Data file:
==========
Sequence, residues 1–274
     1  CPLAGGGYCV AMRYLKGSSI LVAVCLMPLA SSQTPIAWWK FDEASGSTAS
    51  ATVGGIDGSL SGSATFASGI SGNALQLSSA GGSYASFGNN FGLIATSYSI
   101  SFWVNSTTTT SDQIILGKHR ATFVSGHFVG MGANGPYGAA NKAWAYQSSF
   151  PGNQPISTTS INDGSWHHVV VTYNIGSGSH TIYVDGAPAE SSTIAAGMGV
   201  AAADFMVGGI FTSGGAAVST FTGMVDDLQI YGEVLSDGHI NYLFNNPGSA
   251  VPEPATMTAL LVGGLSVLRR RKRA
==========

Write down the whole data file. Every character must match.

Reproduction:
Sequence, residues 1–274
     1  CPLAGGGYCV AMRYLKGSSI LVAVCLMPLA SSQTPIAWWK FDEASGSTAS
    51  ATVGGIDGSL SGSATFASGI SGNALQLSSA GGSYASFGNN FGLIATSYSI
   101  SFWVNSTTTT SDQIILGKHR ATFVSGHFVG MGANGPYGAA NKAWAYQSSF
   151  PGNQPISTTS INDGSWHHVV VTYNIGSGSH TIYVDGAPAE SSTIAAGMGV
   201  AAADFMVGGI FTSGGAAVST FTGMVDDLQI YGEVLSDGHI NYLFNNPGSA
   251  VPEPATMTAL LVGGLSVLRR RKRA